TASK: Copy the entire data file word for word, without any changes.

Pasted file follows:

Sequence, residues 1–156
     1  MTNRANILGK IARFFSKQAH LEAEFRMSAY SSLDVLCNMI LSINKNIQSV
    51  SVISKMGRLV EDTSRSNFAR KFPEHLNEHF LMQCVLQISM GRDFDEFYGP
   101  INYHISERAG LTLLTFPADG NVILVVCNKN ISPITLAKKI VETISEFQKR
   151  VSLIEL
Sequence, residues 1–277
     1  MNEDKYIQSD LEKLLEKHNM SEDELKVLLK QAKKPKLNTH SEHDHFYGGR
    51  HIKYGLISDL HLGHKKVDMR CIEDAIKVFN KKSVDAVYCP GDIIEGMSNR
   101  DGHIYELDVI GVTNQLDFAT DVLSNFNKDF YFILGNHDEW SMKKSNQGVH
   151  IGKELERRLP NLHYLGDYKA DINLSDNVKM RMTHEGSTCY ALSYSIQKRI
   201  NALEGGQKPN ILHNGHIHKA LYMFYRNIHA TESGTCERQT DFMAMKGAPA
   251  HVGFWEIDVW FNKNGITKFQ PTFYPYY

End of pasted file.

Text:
Sequence, residues 1–156
     1  MTNRANILGK IARFFSKQAH LEAEFRMSAY SSLDVLCNMI LSINKNIQSV
    51  SVISKMGRLV EDTSRSNFAR KFPEHLNEHF LMQCVLQISM GRDFDEFYGP
   101  INYHISERAG LTLLTFPADG NVILVVCNKN ISPITLAKKI VETISEFQKR
   151  VSLIEL
Sequence, residues 1–277
     1  MNEDKYIQSD LEKLLEKHNM SEDELKVLLK QAKKPKLNTH SEHDHFYGGR
    51  HIKYGLISDL HLGHKKVDMR CIEDAIKVFN KKSVDAVYCP GDIIEGMSNR
   101  DGHIYELDVI GVTNQLDFAT DVLSNFNKDF YFILGNHDEW SMKKSNQGVH
   151  IGKELERRLP NLHYLGDYKA DINLSDNVKM RMTHEGSTCY ALSYSIQKRI
   201  NALEGGQKPN ILHNGHIHKA LYMFYRNIHA TESGTCERQT DFMAMKGAPA
   251  HVGFWEIDVW FNKNGITKFQ PTFYPYY